Parainfluenza Viruses

Parainfluenza viruses are common human respiratory pathogens, in the main they produce relatively harmless upper respiratory tract infections (URTI), but they are also the commonest cause of a more serious condition in young children known as "croup" and occasionally cause pneumonia. Human parainfluenza virus types 1 and 3 belong to the genus Paramyxovirus, whereas types 2, 4a, and 4b are now classified with mumps virus in the genus Rubulavirus.

Clinical Features

Primary infection, typically in a young child, generally manifests itself as coryza and pharyngitis, often with some degree of bronchitis and low fever. However, there are two more serious presentations which are seen in 2-3% of infections (Table 28-4). In an infant, especially under Ihe age of 6 months, parainfluenzavirus type 3 may cause bronchiolitis and/or pneumonia clinically indistinguishable from that more commonly caused by the respiratory syncytia] virus (see below). In somewhat older children (6 months to 5 years) parainfluenzavirus type 1 and, to a lesser extent, type 2 are the major cause of croup (Jaryngotracheobronchitis). The child presents with fever, cough, stridor, and respiratory distress which may occasionally progress to laryngeal obstruction requiring intubation or tracheotomy.

Laboratory Diagnosis

Traditionally, parainfluenza viruses have been isolated in primary human or monkey kidney cells; since these cells have become no longer generally ob-

Table 28-4

Clmirol and Epidemiologic Features of Parainfluenza and Respiratory Syncytial Virus Infections

Table 28-4

Clmirol and Epidemiologic Features of Parainfluenza and Respiratory Syncytial Virus Infections

Virus

Major syndrome

Age

Epidemiology

Parainfluenza 1 and 2

Croup

First 5 years

Autumn epidemic

Parainfluenza 3

Bronchiolitis, pneumonia

First year

Endemic

Parainfluenza 4

Upper respiratory infection

Children

Endemic

Respiratory syncytial virus

Bronchiolitis, pneumonia

First year

Winter epidemic

tainable, they have been replaced by continuous cell lines such as H292 Trypsin is added to the maintenance medium to ensure cleavage of the viral F protein. Parainfluenza viruses multiply rather slowly and cause little cyto-pathic effect (CPE), except in the case of type 2 which induces syncytia. Viral growth is detected by hemadsorption of guinea pig red cells (see Fig. 5-2D). Differentiation lrom other hemadsorbing respiratory viruses may then be made by fluorescent antibody staining of the infected monolayer or by hemagglutination inhibition using virus from the cell culture supernatant.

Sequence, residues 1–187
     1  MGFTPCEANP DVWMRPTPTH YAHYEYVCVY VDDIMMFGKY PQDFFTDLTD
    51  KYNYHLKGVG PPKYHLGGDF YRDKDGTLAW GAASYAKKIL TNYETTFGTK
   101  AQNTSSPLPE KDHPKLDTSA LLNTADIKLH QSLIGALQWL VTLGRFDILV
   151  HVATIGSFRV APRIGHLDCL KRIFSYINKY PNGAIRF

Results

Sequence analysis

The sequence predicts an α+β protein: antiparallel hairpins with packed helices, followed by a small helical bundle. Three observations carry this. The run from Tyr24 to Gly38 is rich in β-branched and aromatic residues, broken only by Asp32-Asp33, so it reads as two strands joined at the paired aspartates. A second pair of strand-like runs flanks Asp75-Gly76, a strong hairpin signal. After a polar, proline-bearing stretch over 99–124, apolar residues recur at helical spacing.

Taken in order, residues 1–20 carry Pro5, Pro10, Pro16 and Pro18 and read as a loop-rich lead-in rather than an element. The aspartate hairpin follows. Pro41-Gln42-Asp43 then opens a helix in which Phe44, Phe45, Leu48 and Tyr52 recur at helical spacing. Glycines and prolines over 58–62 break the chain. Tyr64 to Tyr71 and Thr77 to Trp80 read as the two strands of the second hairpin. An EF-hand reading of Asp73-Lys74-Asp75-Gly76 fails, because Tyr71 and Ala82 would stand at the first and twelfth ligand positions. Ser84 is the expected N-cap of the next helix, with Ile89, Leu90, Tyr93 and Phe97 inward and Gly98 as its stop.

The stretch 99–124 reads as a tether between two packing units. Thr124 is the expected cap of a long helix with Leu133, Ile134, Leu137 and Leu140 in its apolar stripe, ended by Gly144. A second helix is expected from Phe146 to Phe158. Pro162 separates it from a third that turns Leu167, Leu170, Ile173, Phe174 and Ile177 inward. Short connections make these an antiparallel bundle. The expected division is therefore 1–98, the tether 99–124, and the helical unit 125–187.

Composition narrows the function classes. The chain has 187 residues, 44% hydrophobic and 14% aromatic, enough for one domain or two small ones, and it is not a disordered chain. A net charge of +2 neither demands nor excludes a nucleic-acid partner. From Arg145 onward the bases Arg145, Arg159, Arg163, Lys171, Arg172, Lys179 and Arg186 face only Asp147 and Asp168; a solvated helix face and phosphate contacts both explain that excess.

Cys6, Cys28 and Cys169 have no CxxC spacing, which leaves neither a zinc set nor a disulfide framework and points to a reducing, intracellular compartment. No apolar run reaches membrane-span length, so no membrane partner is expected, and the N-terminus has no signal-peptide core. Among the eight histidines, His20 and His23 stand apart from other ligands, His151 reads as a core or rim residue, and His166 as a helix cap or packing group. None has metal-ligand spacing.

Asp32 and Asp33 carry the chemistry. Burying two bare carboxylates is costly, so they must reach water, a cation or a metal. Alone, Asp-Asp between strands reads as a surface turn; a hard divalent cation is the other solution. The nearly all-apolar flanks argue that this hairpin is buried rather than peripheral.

Today, however, the pendulum has swung toward more rapid diagnostic techniques, notably immunofluorescence (IF) and EIA on nasopharyngeal aspirates. Immunofluorescence is used to demonstrate antigen in exfoliated cells, whereas EIA or RIA is sufficiently sensitive to detect free antigen in mucus suitably solubilized to liberate intracellular as well as extracellular protein.

Epidemiology

Like other respiratory agents, parainfluenza viruses are spread by droplets and by contact with respiratory secretions. The incubation period ranges from 2 to 6 days, and shedding continues for about a week. Parainfluenza viruses are highly transmissible, infecting most children by the age of 5 years. Indeed, type 3 infects the majority of infants within the first year or two of life and can spread within hospitals and babies' homes, causing cases of pneumonia and bronchiolitis. Types 1 and 2 tend lo cause croup, whereas type 4 produces only trivial illness. Reinfections with any given type of parainfluenza virus commonly occur, although clinical disease is generally mild and confined to the upper respiratory tract the second time round.

Control

Several types of experimental parainfluenza type 3 vaccines have shown some degree of protection in rodent or primate models. However, formidable problems militate against parainfluenza vaccines achieving wide acceptability. First, the immunity that follows natural infection with parainfluenza viruses is poor, and it is unrealistic to expect any vaccine to do more than limit the challenge virus to the upper respiratory tract. Second, in order to protect infants during the first months of life when parainfluenza 3 can be a threat, any vaccine would need to be administered shortly after birth, when immune responses are weakest and maternal antibodies are present. Third, in light of the worrying experience with earlier inactivated respiratory syncytia] virus and measles vaccines, which actually potentiated the disease occurring on subsequent challenge, subunit vaccines would also need to undergo very careful clinical trials before licensing.

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